Directed by Paul Bogart and written by Eleanor Perry, adapting the book by Gail Rock, The House Without A Christmas Tree is a TV special that never breaks into anything remotely cinematic but doesn't feel any the worse for it.
The essence of the tale is, of course, the house without a Christmas tree. It's 1946 and young Addie Mills (Lisa Lucas) lives with her widowed father (Jason Robards) and her grandmother (Mildred Natwick). With Christmas fast approaching she tries to persuade her father to have a Christmas tree in their home. Her father, for reasons that he tries to keep buried, is adamant that they won't have a tree, there's no need for one.
If you can imagine A Christmas Story mixed with a pinch of The Waltons mixed with a pinch of The Little House On The Prairie then you'll have an idea of the tone and treatment of the material here. It borders on the overly sweet but doesn't quite tip over the edge, in no small part thanks to a decent performance from young Lisa Lucas and the usual greatness from Jason Robards.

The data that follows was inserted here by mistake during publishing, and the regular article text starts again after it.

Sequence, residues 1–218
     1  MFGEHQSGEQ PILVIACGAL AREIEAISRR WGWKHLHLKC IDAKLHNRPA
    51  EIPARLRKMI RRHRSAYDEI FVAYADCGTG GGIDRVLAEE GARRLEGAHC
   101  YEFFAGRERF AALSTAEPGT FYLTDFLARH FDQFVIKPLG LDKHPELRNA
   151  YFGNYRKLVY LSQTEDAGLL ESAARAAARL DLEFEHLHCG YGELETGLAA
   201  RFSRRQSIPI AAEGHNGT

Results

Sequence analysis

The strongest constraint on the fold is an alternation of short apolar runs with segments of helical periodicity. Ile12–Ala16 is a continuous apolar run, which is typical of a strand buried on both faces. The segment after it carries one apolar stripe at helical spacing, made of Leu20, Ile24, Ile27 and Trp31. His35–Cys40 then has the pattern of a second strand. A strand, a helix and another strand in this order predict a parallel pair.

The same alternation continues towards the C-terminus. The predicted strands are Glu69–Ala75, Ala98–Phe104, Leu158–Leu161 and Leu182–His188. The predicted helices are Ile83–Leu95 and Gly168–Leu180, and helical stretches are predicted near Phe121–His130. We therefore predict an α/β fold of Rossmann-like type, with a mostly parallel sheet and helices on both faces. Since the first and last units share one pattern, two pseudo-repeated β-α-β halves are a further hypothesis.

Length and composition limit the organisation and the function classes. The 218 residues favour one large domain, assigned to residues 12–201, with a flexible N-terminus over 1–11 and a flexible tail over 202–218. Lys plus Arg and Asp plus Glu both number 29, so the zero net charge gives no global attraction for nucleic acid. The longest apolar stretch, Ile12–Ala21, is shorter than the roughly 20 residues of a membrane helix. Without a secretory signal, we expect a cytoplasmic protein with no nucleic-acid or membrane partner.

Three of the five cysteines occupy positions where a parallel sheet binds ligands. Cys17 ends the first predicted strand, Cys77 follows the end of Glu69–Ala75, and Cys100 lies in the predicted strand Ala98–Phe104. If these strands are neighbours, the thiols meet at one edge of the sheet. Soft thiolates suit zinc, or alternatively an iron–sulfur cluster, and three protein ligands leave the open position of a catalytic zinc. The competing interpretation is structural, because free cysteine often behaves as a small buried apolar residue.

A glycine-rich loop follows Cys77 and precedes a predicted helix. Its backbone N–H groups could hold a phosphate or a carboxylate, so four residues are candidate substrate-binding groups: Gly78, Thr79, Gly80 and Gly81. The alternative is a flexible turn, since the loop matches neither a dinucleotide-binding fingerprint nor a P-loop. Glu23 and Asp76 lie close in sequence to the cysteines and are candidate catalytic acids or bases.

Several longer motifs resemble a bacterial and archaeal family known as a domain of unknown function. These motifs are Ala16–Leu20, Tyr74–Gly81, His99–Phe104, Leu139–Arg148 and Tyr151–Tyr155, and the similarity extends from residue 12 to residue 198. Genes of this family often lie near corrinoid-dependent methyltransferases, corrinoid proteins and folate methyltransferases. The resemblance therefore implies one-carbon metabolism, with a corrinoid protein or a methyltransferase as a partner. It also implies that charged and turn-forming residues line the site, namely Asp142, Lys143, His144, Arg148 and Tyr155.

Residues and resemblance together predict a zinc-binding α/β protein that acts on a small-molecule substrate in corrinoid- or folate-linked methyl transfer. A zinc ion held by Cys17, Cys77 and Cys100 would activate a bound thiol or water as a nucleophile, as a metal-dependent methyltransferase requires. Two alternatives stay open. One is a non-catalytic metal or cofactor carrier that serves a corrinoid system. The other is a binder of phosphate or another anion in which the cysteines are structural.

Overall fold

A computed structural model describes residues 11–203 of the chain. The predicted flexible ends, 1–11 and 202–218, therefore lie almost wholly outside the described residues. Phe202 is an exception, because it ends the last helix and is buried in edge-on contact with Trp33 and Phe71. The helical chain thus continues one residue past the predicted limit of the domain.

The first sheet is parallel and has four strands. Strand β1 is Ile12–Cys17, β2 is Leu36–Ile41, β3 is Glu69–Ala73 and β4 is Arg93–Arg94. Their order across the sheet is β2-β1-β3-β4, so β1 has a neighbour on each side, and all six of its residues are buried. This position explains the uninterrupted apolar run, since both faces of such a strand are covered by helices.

Kathryn Walker and Alexa Kenin also do well as, respectively, a teacher and Addie's best friend but this is all about the three members of the Mills family and whether or not they will ever join in again with the standard Christmas traditions.
The different moments shown onscreen may not be exactly like moments from the childhood of every different viewer, of course, but there's certainly a lot to recognise and empathise with in the universal struggle that always happens when children get old enough to start questioning their parents and fighting harder to get their own way. The character played by Robards is, in many ways, even more childish and stubborn than his daughter but that happens sometimes, especially when it concerns matters of the heart, and it's that behaviour that keeps the audience onside with Addie, even when she's being a bit more precocious than your average little girl.
The House Without A Christmas Tree is sweet and, no doubt, some will find it too sweet. I thought it was just right and I'll admit it - come the finale I was almost a little watery-eyed. Ahem . . . . . . almost.